To catch up with Toyota and GM, VW announced plans at the Detroit auto show this month to spend more than $7 billion during the next five years in North America. VW seeks to boost sales of its namesake and Audi brands to 1 million vehicles by 2018, the year it has set as a goal to become the best-selling automaker in the world.
The carmakers are competing for supremacy in a U.S. auto industry that reported its best year since 2007, with deliveries increasing 7.6 percent to 15.6 million. Detroit’s car companies ended 2013 in a position that would have seemed unfathomable just five years ago, when GM and Chrysler headed toward government-backed bankruptcies and Ford struggled to restructure itself amid the longest recession since the Great Depression.
U.S. sales of Toyota, Lexus and Scion models rose 7.4 percent last year to 2.24 million, the most since its 2007 record year in its largest market. The Camry sedan fended off competition from Honda Motor Co.’s Accord, Nissan Motor Co.’s Altima and Ford Motor Co’s Fusion sedan to remain the top-selling U.S. car for a 12th consecutive year, as the weaker yen gave Toyota room to offer higher incentives for the model.
In China last year, as GM lost its top spot to VW for the first time in nine years, Ford Motor Co. overtook Toyota despite a record year for the Japanese carmaker, which boosted deliveries 9.2 percent to 917,500 units. Demand recovered as consumers returned to showrooms with the fading of tensions triggered a year earlier by a territorial dispute between Asia’s two largest economies.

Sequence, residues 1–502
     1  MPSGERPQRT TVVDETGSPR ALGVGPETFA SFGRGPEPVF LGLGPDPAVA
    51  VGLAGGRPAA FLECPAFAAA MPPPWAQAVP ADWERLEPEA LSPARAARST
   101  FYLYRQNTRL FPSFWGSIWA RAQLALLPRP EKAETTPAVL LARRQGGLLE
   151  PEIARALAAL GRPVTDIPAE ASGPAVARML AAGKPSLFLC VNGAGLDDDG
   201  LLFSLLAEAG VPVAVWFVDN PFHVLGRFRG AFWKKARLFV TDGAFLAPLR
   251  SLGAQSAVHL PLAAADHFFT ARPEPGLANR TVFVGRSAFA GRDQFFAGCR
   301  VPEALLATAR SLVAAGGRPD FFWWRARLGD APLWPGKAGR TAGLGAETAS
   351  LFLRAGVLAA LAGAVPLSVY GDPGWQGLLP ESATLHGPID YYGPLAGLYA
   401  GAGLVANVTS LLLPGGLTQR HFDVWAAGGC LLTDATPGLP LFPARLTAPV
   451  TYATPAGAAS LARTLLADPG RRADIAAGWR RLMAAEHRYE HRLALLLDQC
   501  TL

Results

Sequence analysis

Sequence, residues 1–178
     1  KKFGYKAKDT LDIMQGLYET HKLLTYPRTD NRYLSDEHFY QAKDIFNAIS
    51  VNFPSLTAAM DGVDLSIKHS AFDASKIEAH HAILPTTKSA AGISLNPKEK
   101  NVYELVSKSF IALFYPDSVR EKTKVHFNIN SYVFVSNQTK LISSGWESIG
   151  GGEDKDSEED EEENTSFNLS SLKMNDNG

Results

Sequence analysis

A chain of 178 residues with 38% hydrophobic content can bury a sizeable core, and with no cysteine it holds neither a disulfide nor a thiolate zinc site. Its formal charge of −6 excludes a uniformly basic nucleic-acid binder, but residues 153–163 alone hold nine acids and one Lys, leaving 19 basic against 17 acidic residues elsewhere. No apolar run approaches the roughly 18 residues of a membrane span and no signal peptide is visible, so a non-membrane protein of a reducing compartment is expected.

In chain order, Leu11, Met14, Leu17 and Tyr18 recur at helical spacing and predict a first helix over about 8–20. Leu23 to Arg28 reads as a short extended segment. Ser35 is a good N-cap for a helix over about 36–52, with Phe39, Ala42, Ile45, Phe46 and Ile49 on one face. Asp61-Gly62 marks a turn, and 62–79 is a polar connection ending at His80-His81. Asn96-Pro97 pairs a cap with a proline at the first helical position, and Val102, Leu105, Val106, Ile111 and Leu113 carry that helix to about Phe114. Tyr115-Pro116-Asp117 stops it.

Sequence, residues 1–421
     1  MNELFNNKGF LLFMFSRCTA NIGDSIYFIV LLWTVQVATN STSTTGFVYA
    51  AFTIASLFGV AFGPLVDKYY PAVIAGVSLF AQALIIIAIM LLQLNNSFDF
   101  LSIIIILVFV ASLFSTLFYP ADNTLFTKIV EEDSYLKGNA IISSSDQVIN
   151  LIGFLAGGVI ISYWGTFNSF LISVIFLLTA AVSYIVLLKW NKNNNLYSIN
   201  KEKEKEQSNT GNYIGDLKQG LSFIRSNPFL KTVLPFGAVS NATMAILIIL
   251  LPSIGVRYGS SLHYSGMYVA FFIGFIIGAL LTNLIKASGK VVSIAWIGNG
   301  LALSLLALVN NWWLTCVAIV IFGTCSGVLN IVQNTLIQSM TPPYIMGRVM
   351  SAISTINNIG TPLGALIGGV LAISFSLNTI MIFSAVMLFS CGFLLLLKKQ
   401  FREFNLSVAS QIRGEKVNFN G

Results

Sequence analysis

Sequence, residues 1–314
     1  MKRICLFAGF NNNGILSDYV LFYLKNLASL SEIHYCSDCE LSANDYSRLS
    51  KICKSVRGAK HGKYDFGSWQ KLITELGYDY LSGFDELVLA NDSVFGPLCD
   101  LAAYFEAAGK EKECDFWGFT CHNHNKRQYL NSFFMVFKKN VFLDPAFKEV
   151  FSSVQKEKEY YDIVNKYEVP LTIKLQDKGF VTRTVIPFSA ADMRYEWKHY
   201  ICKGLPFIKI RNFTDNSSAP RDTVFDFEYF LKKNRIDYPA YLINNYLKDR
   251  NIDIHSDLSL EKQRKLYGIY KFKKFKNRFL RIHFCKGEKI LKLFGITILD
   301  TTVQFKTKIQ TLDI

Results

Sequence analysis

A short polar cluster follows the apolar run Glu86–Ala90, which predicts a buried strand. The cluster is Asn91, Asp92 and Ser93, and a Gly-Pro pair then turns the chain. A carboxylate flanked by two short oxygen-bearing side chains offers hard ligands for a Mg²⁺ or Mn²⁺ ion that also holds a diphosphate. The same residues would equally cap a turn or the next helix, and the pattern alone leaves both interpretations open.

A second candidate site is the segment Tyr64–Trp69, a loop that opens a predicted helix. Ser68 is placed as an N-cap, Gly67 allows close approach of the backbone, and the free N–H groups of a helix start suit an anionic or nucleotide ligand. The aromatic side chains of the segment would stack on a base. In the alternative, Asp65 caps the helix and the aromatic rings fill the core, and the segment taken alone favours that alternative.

Toyota is expecting sales to reach 1.1 million units in China this year, counting on the new Vios and Yaris sedans tailored for Chinese consumers to drive demand. Industrywide sales are projected to expand by as much as 10 percent this year, after the country became the first to surpass 20 million units in annual deliveries, according to the China Association of Automobile Manufacturers.
A December visit by Prime Minister Shinzo Abe to Tokyo’s Yasukuni Shrine, which honors the war dead including 14 World War II leaders convicted as Class-A war criminals, illustrates the vulnerability that Japanese carmakers face in recurring bouts of political tensions between Asia’s two biggest economies.
In 2012, consumers shunned Japanese products over the islands dispute, sending Toyota sales down by 4.9 percent, its first annual decline on record in the country.
At home in Japan, Toyota’s sales declined by 5 percent to 2.295 million units in 2013, as Abenomics helped improve consumer sentiment in the second half after the withdrawal of government subsidies weighed on deliveries earlier in the year.
Deliveries may decline 5 percent to 2.18 million vehicles this year, according to the statement, as a proposed three-percentage point increase in sales tax in April by Abe’s government damps demand.
Southeast Asia emerged as the main drag on Toyota last year. Deliveries fell 14 percent in Thailand in 2013 and may decline 10 percent this year, as government rebates to encourage first-time vehicle buyers ended and economy slowed amid political instability, according to Kyoichi Tanada, Toyota’s Thailand chief.
In Indonesia, where Toyota and unit Daihatsu account for about half of sales, the growth in industrywide deliveries has slowed to below 10 percent for three straight quarters amid higher fuel prices, according to data compiled by Bloomberg.
“Competition is definitely much tougher than before the financial crisis,’ said Peggy Furusaka, an autos analyst at Moody’s Corp. in Tokyo. ‘‘It’s going to be more and more difficult to predict who’s going to be No. 1.”